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UF 200 is tip of huge social justice iceberg at BSU

UF 200 is tip of huge social justice iceberg at BSU

by
Anna Miller
March 18, 2021

Boise State students are speaking out about how they are silenced and demoralized by activists on campus. The university's response raises a question: How extensive is the social justice rot? 

Our report on social justice ideology shows that Boise State is building a social justice university. This ideology asserts that all whites and especially males as oppressors, and that racial minorities are permanent victims. Social Justice institutions like Boise State then construct an environment that seeks to shame and vent hatred on the oppressors and elevate and insulate the oppressed from any kind of criticism. 

What apparently happened perfectly exemplifies the social justice ideology.  According to a tweet from a BSU professor, one student recorded an instructor propagandizing students with the concept of “white skin privilege” in the general education course University Foundations 200: Foundations of Ethics and Diversity (UF 200). The student sent the video to members of the Legislature. 

Apparently the problems with UF 200 ran deep. BSU has repeatedly received similar complaints from students, according to Mike Sharp, BSU’s director of media relations. In fact, UF 200 courses are specifically designed to bully, propagandize and humiliate students. 

As a result of these complaints, BSU has temporarily suspended all UF 200 sections. “Students have been humiliated and degraded in class on our campus for their beliefs and values,” writes the BSU president and provost.  The problem is the propagandizing and indoctrinating of students in a false and pernicious ideology, not their humiliation.  What beliefs were promoted and in which classrooms? How many incidents have occured prompting administrative concern before action took place?   

By cancelling all UF 200 sections, rather than a single rogue class where an isolated incident occurred, BSU concedes that its University Foundation classes have a systemic problem. 

The suspension of all sections raises many troubling questions. Was an indoctrination course affecting more than 1,200 students per semester developed without the BSU administration’s knowledge? Did the university fund the development of these courses?  Was this course approved as it is delivered? Have assessments of the course shown it to be infused with such a one-sided ideology?  An affirmative answer to these questions should not be surprising given how pervasive social justice ideology is in other parts of the university.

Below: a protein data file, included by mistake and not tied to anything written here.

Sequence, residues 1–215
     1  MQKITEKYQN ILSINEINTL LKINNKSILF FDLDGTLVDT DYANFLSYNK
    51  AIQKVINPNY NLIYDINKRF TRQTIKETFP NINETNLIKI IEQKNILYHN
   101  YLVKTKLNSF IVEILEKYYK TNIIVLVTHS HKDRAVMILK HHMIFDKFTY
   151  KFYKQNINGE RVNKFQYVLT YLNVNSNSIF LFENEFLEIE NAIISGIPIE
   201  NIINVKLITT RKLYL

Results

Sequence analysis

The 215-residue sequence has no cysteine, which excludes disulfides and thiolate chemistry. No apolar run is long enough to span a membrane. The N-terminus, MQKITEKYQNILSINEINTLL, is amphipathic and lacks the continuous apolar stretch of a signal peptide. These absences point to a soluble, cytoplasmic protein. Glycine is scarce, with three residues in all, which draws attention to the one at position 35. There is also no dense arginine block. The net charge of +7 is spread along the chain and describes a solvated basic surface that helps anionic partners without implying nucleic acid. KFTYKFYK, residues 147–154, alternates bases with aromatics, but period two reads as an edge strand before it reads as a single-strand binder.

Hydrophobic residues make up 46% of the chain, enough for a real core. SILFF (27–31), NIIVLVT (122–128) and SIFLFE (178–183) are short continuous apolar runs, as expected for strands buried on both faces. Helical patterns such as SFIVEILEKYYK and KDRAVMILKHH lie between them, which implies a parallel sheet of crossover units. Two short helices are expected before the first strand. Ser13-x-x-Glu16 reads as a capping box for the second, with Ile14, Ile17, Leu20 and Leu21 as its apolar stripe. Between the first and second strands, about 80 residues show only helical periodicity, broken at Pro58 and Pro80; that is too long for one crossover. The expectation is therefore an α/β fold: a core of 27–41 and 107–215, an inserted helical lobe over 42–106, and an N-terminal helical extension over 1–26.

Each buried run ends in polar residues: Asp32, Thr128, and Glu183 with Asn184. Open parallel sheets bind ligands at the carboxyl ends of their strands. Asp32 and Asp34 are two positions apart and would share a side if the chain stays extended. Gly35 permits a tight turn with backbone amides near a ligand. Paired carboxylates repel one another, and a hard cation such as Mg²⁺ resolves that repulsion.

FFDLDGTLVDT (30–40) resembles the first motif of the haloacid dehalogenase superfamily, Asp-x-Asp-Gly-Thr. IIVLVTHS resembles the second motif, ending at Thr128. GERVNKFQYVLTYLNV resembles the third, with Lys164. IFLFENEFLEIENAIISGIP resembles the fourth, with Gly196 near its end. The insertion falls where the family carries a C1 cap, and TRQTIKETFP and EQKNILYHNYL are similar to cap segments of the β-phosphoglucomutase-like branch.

Evidence suggests that the administration has been building UF 200 as a social justice indoctrination course for years. These courses are “where commitment to diversity and inclusion lives,” as UF 200 subcommittee member and administrator Francisco Salinas has previously bragged

All UF 200 sections are infused with social justice ideology, according to our report; every student must take this course to graduate.

The suspension raises other questions too: How many other courses are indoctrinating toward social justice ideology? Why is BSU’s suddenly-concerned leadership exempting those courses from investigation?  

At least six departments — Gender Studies, Sociology, Global Studies, Social Work, History, and Criminal Justice — are based on social justice ideology. There are nine more departments which our research has judged to be “social justice in training.” Do students in these departments have similar experiences? Are teachers in these classes indoctrinating students in anti-white, anti-male ideology?  

“We will not tolerate this behavior,” said President Marlene Tromp and Interim Provost Tony Roark in a university-wide email Tuesday, Mar. 16. Why has she tolerated this for so long, or does she not know what’s going on on her own campus?

Roark and Tromp promise a full investigation. Why should we trust the administrators to conduct an “in depth review” of their own university? We don’t allow criminals to investigate themselves.  The same people who ran the Boise police department off of campus cannot be trusted to objectively evaluate their own political biases. Governor Little and the legislature should appoint an independent commission to investigate the social justice rot at Boise State.  

Only after a brave student shared the truth with Idaho’s Legislature (it seems) did BSU’s administrators take action to suspend these indoctrination courses.  Acquiescing to the social justice status quo on campus may have been a reasonable survival strategy for students in recent years. No longer. Students who want to change the campus climate need to follow the lead of this brave student and share their stories and make their voices heard. 

And legislators must defend those students by recognizing that a professor intentionally creating hatred against students based on their race is not a fluke. It's what happens when administrators build a social justice university.  

Idaho Freedom Foundation has requested copies of the UF 200 video recording and student complaints. This story will be updated as we receive more information.

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